environmental design

pla | Phillip Lehn Architect

Tara Memorial Park

Site Plan

Main Level

Lower Two Levels

Roof

Upper Level

East

West

North

pla | Phillip Lehn Architect © 2018

In addition to Tara Memorial Park's Stupa ~ columbarium and two different kinds of crematoriums,  and parking, what else could the campus include?

The Upper level would be reserved for those permitted to be cremated on the bluff in the traditional Tibetan way.

The roof would feature an elevator, stair, prayer wheels, grass for family outdoor prayers and picnics,

and one of the Pacific Northwest's most inspiring panoramas.

In August 2012, Her Eminence Dagmo Kusho Sakya asked His Eminence Ngawang Migyur if he would donate GTi's high bluff view lots in north Edmonds for the purpose of cremating and memorializing the extraordinary life of her aging husband, His Holiness Jigdal Dagchen Sakya, the first high Tibetan lama to immigrate to the United States and eldest holder of a sacred unbroken family lineage that's nearly 1000 years old. Sacred relics recovered from traditional Tibetan Buddhist cremations of high lamas are deeply revered, but the highly efficient, smokeless and odorless crematoriums required in the United States incinerate all remains uniformly to a very fine ash.

 

In considering the project's many challenges and opportunities, I proposed Tara Memorial Park,  a nonsectarian regional center to serve all members of the Pacific Northwest's growing international community of Buddhists. The proposal included a traditional Tibetan crematorium to be used rarely and exclusively for the Khön Lineage and other precious heroes who had lived exceptionally selfless lives benefiting all beings, a contemporary smokeless and oderless crematorium for all others, and a Stupa~Collumbarium to display and memorialize the remains of those cremated. Given its location, size and significance, the Stupa~Collumbarium was intended to be seen and honored as a sacred landmark upon entering and leaving Puget Sound when passing through Admiralty Inlet.

 

Migyur Rinpoche, his grandnephew Gnendak Shak, and Mariam and I were all happy to help realize the project by donating our shared interests in GTi's three (possibly four) undeveloped lots. Unfortunately?, the ~$475,000 needed to redeem GTi's liens was not raised before the properties were repossessed. To view the Northwest Dharma Association's featured article and photographs describing the 2012 proposal in more detail, please see -  

 

http://northwestdharma.org/2012/12/proposing-a-regional-buddhiststupa195columbarium-and-crematories/

The two lower levels would be reserved for those cremated in the more contemporary way and include a garden shed on the lowest level and an office above it. The Main Level would be near grade, vehicular access, and limited parking on the east and include

a public plaza, chapel, contemporary crematorium, reception room, toilets, stair, elevator, and niches.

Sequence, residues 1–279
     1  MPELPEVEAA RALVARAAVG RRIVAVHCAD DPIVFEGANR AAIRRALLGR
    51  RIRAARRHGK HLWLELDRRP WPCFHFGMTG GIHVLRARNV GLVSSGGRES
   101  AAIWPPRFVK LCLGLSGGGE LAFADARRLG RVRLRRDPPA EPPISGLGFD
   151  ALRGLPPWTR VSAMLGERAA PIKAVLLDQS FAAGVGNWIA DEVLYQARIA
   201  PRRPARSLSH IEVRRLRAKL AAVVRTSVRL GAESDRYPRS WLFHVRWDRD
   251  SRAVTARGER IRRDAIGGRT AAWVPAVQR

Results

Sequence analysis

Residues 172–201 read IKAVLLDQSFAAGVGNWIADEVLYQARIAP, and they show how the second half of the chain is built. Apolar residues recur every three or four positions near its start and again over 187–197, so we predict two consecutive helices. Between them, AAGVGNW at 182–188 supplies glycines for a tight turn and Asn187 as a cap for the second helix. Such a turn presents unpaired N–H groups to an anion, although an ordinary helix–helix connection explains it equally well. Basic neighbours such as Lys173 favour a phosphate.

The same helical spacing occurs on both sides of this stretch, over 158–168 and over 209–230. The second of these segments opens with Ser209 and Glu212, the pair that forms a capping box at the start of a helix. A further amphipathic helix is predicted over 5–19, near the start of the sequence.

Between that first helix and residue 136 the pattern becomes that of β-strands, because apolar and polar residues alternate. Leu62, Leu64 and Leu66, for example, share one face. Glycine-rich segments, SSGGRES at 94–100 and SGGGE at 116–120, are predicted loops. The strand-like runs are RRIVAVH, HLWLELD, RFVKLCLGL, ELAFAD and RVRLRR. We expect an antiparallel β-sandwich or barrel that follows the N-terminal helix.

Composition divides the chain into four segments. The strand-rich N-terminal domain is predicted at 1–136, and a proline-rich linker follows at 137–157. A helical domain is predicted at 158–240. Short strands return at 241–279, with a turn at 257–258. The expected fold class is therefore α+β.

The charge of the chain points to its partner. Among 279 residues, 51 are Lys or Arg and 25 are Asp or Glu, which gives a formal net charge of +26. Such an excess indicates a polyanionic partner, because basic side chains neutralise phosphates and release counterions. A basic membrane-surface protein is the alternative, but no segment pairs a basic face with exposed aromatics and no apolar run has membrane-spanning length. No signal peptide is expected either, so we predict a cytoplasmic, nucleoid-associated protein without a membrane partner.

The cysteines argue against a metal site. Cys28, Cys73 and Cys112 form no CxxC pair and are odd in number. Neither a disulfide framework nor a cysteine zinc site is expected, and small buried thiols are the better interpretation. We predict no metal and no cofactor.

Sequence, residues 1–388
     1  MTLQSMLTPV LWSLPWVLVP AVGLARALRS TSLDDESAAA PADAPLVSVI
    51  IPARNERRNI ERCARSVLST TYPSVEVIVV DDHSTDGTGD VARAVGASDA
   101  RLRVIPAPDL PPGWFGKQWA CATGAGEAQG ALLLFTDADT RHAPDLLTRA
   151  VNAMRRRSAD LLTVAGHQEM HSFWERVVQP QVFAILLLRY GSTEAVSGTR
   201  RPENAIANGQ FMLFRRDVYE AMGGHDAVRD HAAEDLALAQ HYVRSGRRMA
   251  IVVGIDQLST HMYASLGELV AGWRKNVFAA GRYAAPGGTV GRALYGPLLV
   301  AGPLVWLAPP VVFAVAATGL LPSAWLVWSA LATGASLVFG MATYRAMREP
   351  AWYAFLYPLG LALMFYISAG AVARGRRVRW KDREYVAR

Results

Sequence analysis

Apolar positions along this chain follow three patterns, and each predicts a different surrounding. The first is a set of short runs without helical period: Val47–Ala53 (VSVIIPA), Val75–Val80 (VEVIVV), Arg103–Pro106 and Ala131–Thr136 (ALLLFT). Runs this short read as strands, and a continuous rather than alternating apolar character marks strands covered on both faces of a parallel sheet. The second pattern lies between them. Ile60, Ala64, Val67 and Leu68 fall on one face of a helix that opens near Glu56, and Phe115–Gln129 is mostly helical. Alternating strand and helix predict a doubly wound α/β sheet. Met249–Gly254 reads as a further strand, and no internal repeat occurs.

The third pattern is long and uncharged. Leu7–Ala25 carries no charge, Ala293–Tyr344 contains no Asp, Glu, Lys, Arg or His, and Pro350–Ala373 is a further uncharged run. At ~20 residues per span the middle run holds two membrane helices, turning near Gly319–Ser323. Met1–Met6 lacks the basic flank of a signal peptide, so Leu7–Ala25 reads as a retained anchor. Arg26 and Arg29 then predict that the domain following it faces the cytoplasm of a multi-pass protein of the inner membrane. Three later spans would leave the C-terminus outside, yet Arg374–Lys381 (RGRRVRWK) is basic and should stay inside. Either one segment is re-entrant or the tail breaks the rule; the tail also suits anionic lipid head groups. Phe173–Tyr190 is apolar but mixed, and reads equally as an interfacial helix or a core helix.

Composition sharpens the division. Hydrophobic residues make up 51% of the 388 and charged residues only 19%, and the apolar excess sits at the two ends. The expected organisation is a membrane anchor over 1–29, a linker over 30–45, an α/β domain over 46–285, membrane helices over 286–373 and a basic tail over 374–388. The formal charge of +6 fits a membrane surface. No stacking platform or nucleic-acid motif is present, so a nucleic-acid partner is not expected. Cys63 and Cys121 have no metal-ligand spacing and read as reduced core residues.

Sealed glass cases would display each family's special urns and memorials.  

Why create such a place and what could it do and mean for each of us? Would Tara Memorial Park's sacred selections of some of our time’s and region’s most compassionate, most wise, and most effective help lift our own aspirations? Where are we headed and what's our best focus going forward? Can we offer our young something more gratifying than money, sex, power, influence, fame, and prestige? Can we create more satisfying opportunities to help heal and correct ourselves and planet with truthful self-examination, humility, faith, perseverance, and selfless service?

 

Except for special occasions, neighbors and visitors would normally experience an unusually safe, quiet, peaceful, beautiful, interesting, and inspiring place to discover, learn about, and honor our many families’ ancestors and most precious heroes … a place to reflect on paths and choices, tests, limitations, challenges, ordeals, and triumphs. A beautifully conceived, lushly growing, and carefully maintained park for daily outdoor walks and sittings of prayer, meditation, and worship, recreating ourselves to a more brilliantly blessed body and mind …  with regular public teachings and concerts, and finally, another chance to witness and show friends, family, and visitors one of Greater Seattle's most spectacular unobstructed panoramas of Puget Sound’s north end ... The Olympic Mountains, their National Park, Forests, and peninsula, Whidbey Island, and Admiralty Inlet, Puget Sound’s gateway to the Pacific and Asia.  

 

What about the rest of the park … what does it want to be? An international school of Buddhist students, practitioners, and adepts exploring and sharing our world’s many religious teachings, traditions, arts, and sciences? Live-in residents to care for and manage the park as an inclusive bridge connecting East and West.

 

If interested in helping us realize some form of this precious opportunity, please let me know. We especially need help organizing an international landmark funding and management effort and to meet our most immediate needs, GTi is offering to sell a key ~7,000 SF piece of Greenness for $200,000. To learn why it’s considered “key” as well as more about Greenness’ other properties soon to be listed for sale, including its 3-1/2 undeveloped view lots, our recently updated early modernist house, and our neighbor's estate on top of the promontory, see   Greenness’ Sale.

 

Happy Thanksgiving ! 2018

 

Phuntsho Thundrup ~ Ngawang Yeshe ~ Phillip Lehn

 

Green Tara incorporated /

pla | Phillip Lehn Architect, LEED AP

 

info@lehndesign.com

425-745-8949